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Community Relations Monthly E-Tip: Emergency Preparedness

February E-Tip

Being prepared for a disaster can help you survive the event, help you during the aftermath, and also alleviate the huge workload emergency personnel will face following any large disaster. Natural disasters are unavoidable, but damage and injury can be minimized by taking steps to be prepared before the event happens.

A major disaster will cause a large burden on emergency services and patient care facilities. A major impact will also be felt on infrastructure - utilities, transportation, food supplies and communications. In other words, there will be a large loss of service for many things we take for granted each day. The most important facet of emergency preparedness is self-sufficiency for three to five days. Before the disaster, prepare an emergency kit containing food, water and supplies. Supplies should include:

  • Extra blankets and clothes.
  • Shoes suitable for walking through debris.
  • A three day supply of water; one gallon for each person per day.
  • Non-perishable foods and a manual can opener. Also include baby food, formula, and pet food if applicable.
  • First aid kit including prescription and non-prescription medications such as Tylenol, Advil, Benadryl, etc. If you have a prescription medication, keep a thirty-day supply on hand.
  • Battery operated radio, extra batteries, flashlights and cell phones. Invest in solar chargers!
  • Personal items such as toilet paper, feminine hygiene products, diapers, trash bags, etc.
  • A portable generator is helpful if available.
  • If possible, keep extra cash in your emergency kit. Banks and ATM’s may not be working.
  • Keep the gas tank of your vehicle filled at least halfway at all times and in good working order. 

In Kern County, one of our most likely natural disasters we face is earthquakes. Some of the safest places you can be during an earthquake are under sturdy tables or desks, against interior walls, or near solid door frames. Dangerous locations to be near during an earthquake include windows, mirrors, hanging objects, fireplaces and tall-unsecured furniture. Survey your home and office to make sure heavy pictures, windows, or mirrors are not over beds or sitting areas.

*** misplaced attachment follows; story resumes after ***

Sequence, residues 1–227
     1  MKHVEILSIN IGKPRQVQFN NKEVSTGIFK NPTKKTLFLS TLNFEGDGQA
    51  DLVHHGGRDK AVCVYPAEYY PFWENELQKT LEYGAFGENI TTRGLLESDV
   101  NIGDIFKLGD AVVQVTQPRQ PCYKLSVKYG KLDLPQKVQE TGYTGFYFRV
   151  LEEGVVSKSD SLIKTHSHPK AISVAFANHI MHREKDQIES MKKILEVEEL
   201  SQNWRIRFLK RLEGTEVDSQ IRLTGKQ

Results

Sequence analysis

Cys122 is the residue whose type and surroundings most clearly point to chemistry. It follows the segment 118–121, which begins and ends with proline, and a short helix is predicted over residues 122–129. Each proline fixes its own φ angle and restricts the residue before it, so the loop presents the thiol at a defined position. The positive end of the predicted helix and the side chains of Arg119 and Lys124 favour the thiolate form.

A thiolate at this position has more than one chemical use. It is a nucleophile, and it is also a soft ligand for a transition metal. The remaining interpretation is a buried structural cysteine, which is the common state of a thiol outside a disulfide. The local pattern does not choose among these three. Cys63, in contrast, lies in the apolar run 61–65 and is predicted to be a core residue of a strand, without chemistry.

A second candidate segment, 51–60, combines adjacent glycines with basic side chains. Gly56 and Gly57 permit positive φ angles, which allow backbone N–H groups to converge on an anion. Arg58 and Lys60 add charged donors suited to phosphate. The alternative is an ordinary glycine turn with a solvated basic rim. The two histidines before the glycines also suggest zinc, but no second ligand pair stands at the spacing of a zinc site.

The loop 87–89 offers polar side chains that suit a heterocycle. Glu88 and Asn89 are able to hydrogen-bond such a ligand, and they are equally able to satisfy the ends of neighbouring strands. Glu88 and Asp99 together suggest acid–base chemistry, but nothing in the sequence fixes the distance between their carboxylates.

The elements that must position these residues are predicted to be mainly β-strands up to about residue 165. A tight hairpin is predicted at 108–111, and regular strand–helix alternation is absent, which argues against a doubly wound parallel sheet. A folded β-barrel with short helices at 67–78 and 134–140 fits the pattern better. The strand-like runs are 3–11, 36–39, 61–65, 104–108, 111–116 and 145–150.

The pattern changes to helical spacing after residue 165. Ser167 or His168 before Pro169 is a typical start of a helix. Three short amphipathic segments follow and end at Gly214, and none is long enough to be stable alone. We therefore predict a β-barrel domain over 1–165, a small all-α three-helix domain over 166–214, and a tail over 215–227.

Know what to do if instructed to evacuate your home or neighborhood during a disaster. Family members should all know how to get out of the house with two ways out of each room. Be familiar with the evacuation plan of the complex if you live in an apartment building. Make a plan for how to take care of pets in the event of an evacuation.

Select an out of state friend or relative for family members to call to report their condition and whereabouts. Cell towers may not be operable, so do not rely on your cell phone as your family’s only means of communication. Often times out of state phone lines are easier to access than local lines during a disaster. Each family member can check in with the out of state contact, communicating through this contact. Also, decide where your family will meet and who will pick up children and other family members if you become separated during a disaster. 

Get to know your neighbors, and if you don’t have a Neighborhood Watch established then organize setting one up. We can help! Neighborhood Watches are a great step to take in an emergency preparedness plan. During a major disaster where emergency personnel are inundated with calls for service, your neighbors might be your first line to getting help and being safe. Establish an emergency plan with your Neighborhood Watch. Create and include all neighbors on a phone tree designating who will call whom. Know your neighbors professions, for example who is the nurse, who is the fireman, policemen, teacher, etc. Have a resource list for tools, talents, equipment and materials available in your neighborhood. Your neighborhood could be its own community in the event of a disaster or terrorist attack. You will need to rely on each other for some time--possibly three or four days. 

Being “prepared” can save not only your own life, but your loved ones as well. To start a Neighborhood Watch Group, contact the Community Relations Unit at (661) 326-3053.

For more information on emergency preparedness, check out the American Red Cross at